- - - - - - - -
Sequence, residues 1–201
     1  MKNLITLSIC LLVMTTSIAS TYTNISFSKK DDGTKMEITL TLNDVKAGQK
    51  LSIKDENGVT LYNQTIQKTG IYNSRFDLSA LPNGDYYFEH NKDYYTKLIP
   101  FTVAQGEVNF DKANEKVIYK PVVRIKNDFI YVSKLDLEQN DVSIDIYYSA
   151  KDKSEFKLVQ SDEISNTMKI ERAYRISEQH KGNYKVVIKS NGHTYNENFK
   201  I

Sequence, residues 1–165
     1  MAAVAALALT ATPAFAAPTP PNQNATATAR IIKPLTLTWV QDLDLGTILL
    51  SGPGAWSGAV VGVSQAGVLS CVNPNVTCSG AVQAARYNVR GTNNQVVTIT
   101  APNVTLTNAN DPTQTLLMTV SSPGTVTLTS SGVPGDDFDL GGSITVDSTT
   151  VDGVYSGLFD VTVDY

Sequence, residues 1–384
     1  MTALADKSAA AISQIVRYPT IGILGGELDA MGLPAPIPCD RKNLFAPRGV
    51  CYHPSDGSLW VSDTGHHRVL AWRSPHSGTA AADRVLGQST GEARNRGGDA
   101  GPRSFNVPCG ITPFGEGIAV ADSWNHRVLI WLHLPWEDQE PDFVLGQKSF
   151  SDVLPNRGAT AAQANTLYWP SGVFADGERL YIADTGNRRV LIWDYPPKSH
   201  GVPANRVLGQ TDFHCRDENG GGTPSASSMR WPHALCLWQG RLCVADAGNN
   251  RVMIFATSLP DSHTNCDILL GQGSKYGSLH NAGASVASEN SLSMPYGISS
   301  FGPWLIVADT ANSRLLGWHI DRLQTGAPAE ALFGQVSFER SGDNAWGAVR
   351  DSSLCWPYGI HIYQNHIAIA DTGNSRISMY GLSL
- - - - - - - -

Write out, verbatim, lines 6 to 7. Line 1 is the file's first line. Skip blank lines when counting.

   201  I

Sequence, residues 1–165